TikTok ‘Little Babies’ trend spotlights all things weirdly cute

Whether it’s a teddy bear with mange and a missing eye, or a blanket hanging by a thread, many of us have things we are emotionally attached to. Our neatly curated interior design Pinterest boards never quite capture the full picture, because there’s no aesthetically pleasing way to show off the Squishmallow octopus you impulsively bought or the Pillow Pet you’ve had for years. . Now, a new TikTok trend invites users to share with the class the emotional support items they just can’t part with, to the beat of an animated favorite. This viral trend is another reminder that we really are all living the same life.

Do you have a fundamental memory of arriving at the center of a wooden nesting doll and dissolving at the sight of that hidden little thimble? Did you reassemble the stacking doll but pocket the smallest of them? Just me? That’s the beauty of this trend, we see that none of us are alone in our seemingly secret little habits. Anything that induces slight cute aggression applies to this TikTok trend: lonely stuffed animals, small brie cheese wheels, cheese puff-shaped dog toys — anything goes. Pair a video of the cute thing with the “Little Babies” sound that’s trending on TikTok — the #littlebabies tag has over 31 million views — and you’ve got yourself a winner.

If you want to jump on this viral trend, shine the spotlight on that inanimate object you’ve moved from the kid’s room, to the college dorm, to the one-bedroom apartment, and join the thousands of users holding their never-washed blankets a little too tight.

TikTok users show off their emotional support items to the beat of Bob’s burgers.

Where does the sound of “little babies” come from?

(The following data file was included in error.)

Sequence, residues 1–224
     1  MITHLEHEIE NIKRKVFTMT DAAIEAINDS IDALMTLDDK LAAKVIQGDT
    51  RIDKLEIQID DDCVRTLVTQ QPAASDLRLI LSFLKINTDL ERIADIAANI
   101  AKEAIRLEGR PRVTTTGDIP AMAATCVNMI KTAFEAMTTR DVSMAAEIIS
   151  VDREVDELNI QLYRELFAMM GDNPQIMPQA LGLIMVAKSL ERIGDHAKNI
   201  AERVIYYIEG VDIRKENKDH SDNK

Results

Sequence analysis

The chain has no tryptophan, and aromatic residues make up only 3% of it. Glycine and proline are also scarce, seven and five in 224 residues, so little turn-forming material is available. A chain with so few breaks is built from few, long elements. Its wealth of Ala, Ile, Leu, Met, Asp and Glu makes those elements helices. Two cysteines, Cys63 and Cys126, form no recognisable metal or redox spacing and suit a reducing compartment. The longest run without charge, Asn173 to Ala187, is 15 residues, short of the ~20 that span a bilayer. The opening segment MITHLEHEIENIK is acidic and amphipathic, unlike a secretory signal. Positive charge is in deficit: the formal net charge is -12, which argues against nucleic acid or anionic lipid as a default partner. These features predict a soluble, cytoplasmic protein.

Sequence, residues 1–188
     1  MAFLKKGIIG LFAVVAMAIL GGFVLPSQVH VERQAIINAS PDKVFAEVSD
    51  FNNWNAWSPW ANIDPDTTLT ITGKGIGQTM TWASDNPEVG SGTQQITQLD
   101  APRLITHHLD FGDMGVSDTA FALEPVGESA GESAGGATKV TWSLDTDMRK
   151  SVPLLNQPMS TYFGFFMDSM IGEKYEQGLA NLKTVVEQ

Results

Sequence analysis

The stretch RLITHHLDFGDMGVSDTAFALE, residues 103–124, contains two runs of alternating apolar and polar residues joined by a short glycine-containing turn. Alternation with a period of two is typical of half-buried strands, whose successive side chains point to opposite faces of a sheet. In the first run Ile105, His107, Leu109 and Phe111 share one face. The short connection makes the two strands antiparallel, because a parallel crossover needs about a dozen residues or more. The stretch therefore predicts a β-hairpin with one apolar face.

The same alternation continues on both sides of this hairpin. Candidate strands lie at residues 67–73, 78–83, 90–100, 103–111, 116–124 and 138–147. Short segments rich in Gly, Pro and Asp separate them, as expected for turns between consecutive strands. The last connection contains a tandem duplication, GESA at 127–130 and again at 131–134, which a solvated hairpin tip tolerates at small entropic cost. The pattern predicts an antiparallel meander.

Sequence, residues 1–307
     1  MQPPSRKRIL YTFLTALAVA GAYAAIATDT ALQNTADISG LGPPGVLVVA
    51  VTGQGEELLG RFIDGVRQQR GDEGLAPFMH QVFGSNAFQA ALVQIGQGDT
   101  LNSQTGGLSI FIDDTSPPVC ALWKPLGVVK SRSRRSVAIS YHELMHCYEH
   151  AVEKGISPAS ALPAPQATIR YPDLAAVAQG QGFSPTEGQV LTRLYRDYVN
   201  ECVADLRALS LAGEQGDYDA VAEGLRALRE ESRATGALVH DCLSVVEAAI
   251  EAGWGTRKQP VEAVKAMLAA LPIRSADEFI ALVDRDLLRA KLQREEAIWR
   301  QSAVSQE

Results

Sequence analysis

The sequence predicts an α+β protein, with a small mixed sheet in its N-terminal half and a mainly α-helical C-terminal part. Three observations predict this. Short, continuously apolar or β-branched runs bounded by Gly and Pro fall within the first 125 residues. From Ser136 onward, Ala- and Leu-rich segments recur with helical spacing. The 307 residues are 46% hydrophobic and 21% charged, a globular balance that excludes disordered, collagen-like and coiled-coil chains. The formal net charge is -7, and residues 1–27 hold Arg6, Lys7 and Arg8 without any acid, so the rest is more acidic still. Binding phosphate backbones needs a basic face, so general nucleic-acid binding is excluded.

Like any good TikTok sound, it’s not about what’s said, it’s about who said it. The catchy jingle, “if you’re not real, then how come I feel like this?” Little babies”, comes from Bob’s Burgers own Linda Belcher, the eccentric and adorable wife of Bob and mother of Tina, Gene and Louise in the series. In Season 2 Episode Four, titled “Burgerboss,” Linda reflects on when her husband took her credit card away after she inexplicably ordered an excess of mini china babies. She’s sitting in front of a vanity, serenading an overflowing collection of creepy baby figurines and it’s both lopsided and wholesome.

the original Bob’s Burgers clip released in 2012, finding virality on TikTok 10 years later.

How do people use this sound?

Linda Belcher’s affection for her secret collection has inspired TikTokers to share their own “porcelain babies,” and we’re not just talking rotten relics of childhood. TikTok users are posting with sound to show off new purchases that make sense and other oddly comforting items. The sound, rediscovering virality now 10 years after the original Bob’s Burgers episode created, has been re-shared thousands of times as users confess what they cuddled. Over 61,000 videos have been posted using sound on TikTok, although the original cartoon clip was posted on the app in June 2020.

Beyond the relics of childhood, users share the strangely comforting new objects they simply cannot part with.

The key to nailing this TikTok trend is a bit of vulnerability. Be honest, do tiny grapes make you feel motherly? Do you hold in your hands the mini ramekin that you stole at brunch like a baby bird? Are you hiding a tangled stuffed animal in your Brooklinen candle sheets? It’s not just you, we promise, so go ahead and roll your camera.

Now can someone drop a link to these wooden nesting dolls? It’s for research.

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